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To Save Energy or Not? The Unasked Question : Strategy: White House proposals represent politics-as-usual, but the analysis behind them could be the basis of meaningful debate.

February 17, 1991|Donella H. Meadows | Donella H. Meadows is an adjunct professor of environmental studies at Dartmouth College

PLAINFIELD, N.H. — The new energy policy the nation has been waiting for contains nothing new.

The National Energy Strategy ignores the overwhelming consensus to promote energy efficiency. Instead, it concentrates on increasing energy supply. It calls for no new regulations, incentives or taxes. Oil, coal and nuclear companies are finding nothing in it to upset them; environmentalists hate it. White House Chief of Staff John H. Sununu loves it--he should, he essentially wrote it.

But at the core of the strategy, there is a surprise, even a hope. The surprise is that the analysis behind this strategy is unusually comprehensive and fair. The hope--dim, but possible--is that this analysis could foster the most reasoned energy debate this nation has ever had, leading to a reasoned energy policy.

Every policy is shaped by two forces: background analysis and foreground politics. The political forces are loud, self-serving and, in the case of energy policy, well known. Long before the Bush White House looked at a single energy statistic, it was committed to nuclear power, to supply strategies and to drilling for oil in the Arctic National Wildlife Reserve. Those preferences come not from analysis but from ideology and the pressures of vested interests. That's politics-as-usual.

What is not usual about the National Energy Strategy is its background analysis. The Bush Administration took as long as it did to come up with this strategy in part because it did its homework. It held 18 public hearings around the country where opinions on all sides were aired. At the same time, the Energy Department's Office of Policy Planning was assembling basic statistics.

It's one thing to gather the relevant numbers and the full spectrum of ideas about energy. It's another to make sense of that mass of information. That requires a tremendous amount of bean-counting. The beans to be counted include:

--Existing sources of energy, from nuclear plants to oil wells to hydro dams to coal mines;

--Potential sources of future energy, from wind power to cornahol to undiscovered oil;

--Existing and future demands for energy--the nation's boilers, furnaces, vehicles, appliances;

--Pollution emissions from various energy sources, plus costs of abatement,

--And conservation options for energy demand.

Only a computer can keep track of all these beans. The department's computerized energy models are not of the mythic "supermachine-will-tell-you-what-to-do" mode. They are essentially complex scratch pads to organize information. Some, for example, contain the details of the oil sector, or the transportation fleet.

In a refreshing break from the short-term focus of most government policy, the Energy Department analysis looks as far ahead as the year 2030. Any energy plan has to do that, to represent the lifetimes of current fuel reserves and capital plant, as well as the time it would take to bring on significant new technologies, whether solar or nuclear. The models also capture some important feedbacks--such as the possibility that high-mileage cars might bring down the price of gas so much that people would drive more. The models make a balanced attempt to include all energy options, on both the supply and demand sides.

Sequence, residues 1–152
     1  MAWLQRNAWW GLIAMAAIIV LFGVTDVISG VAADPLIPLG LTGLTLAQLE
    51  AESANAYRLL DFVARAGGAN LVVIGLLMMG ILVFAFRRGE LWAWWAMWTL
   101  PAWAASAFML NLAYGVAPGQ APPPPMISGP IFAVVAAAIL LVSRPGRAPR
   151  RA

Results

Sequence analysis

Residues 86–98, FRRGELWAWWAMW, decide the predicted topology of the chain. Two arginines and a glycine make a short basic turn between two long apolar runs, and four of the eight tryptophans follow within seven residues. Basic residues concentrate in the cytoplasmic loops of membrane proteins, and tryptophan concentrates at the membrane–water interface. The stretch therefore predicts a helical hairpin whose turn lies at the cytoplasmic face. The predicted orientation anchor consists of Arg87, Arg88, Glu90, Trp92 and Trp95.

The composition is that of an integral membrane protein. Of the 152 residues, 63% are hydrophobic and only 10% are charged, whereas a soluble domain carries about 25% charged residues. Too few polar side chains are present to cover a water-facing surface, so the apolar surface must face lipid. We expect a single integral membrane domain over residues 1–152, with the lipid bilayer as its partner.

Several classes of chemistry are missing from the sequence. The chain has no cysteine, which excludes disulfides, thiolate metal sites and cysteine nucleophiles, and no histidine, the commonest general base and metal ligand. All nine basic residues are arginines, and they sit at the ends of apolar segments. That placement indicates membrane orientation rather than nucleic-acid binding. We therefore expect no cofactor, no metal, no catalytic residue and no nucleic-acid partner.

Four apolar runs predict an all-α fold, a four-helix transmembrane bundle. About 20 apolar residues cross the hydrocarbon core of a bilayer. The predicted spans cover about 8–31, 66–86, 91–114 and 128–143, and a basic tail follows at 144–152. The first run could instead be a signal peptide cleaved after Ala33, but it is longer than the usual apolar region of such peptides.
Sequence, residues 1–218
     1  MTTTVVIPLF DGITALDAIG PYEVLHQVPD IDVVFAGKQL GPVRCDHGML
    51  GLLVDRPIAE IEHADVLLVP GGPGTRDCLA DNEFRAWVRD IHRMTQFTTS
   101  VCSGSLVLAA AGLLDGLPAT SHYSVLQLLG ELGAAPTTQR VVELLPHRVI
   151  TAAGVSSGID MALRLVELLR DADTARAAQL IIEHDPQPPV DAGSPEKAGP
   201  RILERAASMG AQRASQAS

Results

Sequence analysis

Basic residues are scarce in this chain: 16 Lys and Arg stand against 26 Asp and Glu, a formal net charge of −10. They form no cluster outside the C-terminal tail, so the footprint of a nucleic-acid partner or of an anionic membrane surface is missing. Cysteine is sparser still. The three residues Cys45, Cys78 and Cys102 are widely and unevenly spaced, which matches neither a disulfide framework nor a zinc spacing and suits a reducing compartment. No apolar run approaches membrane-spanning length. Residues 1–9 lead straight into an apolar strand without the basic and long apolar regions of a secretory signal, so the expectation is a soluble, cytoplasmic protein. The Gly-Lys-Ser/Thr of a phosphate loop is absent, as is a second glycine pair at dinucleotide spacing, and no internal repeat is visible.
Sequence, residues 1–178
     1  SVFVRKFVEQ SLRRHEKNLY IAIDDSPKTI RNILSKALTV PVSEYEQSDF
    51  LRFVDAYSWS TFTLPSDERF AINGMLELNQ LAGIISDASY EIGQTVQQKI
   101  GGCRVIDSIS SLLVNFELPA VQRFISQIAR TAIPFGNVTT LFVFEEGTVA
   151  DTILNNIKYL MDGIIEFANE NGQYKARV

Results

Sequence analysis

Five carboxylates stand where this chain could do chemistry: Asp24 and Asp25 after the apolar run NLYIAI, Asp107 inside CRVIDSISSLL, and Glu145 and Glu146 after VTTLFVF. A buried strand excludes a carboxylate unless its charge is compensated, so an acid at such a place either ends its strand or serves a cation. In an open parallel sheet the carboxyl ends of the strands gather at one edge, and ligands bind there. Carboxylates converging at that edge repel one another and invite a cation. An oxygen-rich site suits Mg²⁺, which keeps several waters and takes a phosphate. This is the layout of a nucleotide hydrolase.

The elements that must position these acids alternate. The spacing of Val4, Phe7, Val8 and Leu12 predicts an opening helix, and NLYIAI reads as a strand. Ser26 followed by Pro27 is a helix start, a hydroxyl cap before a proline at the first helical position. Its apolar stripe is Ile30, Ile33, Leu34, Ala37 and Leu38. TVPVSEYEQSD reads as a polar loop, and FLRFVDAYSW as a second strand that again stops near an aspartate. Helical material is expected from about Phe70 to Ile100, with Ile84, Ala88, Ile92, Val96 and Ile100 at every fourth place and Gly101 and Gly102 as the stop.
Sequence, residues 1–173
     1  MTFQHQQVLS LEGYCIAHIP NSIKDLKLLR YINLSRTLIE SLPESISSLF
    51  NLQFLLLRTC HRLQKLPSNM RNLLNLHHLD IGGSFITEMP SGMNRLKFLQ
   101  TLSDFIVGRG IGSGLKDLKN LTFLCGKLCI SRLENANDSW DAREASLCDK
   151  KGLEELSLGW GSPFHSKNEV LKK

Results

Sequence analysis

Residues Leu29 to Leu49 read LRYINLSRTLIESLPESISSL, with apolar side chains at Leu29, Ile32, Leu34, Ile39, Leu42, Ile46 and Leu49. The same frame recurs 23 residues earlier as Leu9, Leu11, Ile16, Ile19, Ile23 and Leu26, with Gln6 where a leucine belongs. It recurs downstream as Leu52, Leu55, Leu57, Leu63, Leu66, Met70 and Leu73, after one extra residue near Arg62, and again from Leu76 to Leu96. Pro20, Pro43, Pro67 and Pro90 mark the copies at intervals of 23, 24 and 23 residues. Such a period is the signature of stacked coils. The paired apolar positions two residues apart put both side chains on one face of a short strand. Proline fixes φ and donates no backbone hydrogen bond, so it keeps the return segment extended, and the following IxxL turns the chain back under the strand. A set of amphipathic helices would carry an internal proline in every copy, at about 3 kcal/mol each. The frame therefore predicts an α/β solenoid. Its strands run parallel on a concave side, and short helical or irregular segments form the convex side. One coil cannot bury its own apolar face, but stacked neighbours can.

But, of course, the Energy Department models are only models. They are riddled with oversimplifications. They are biased. (For example, they calculate air pollutants, but not nuclear wastes.) They are as weak as their assumptions, many of which are inherently uncertain. No model can tell us how much oil is really under Alaska, or how well cars that get 100 miles per gallon would sell.

It would be better to have access to Truth, but that we will never have. We only have models, in the computers or in our heads. The Energy Department modelers recognize these limitations. They do not claim their models can predict or pronounce, only that they can explore assumptions and test uncertainties.

For example, the models can try reasonable guesses for Alaska oil discoveries and see what difference they would make. (Not much in any case--on a 40-year time horizon, Alaska will not solve the nation's energy problems.) The models impose elementary restrictions about not creating something out of nothing, about paying for what you create and about not building things overnight. Therefore, they show that the nation cannot be run by either solar or nuclear energy within 40 years. Nor can any combination of policies free the nation from significant oil imports. Except, perhaps, the combination of alternative fuels plus strong efficiency measures--which the Energy Department hasn't tested because the White House wasn't interested.

In fact, the department analysts find no "silver bullets." Everyone's favorite scheme, from gas deregulation to methanol to car-pooling, has a role to play. None is the full answer.

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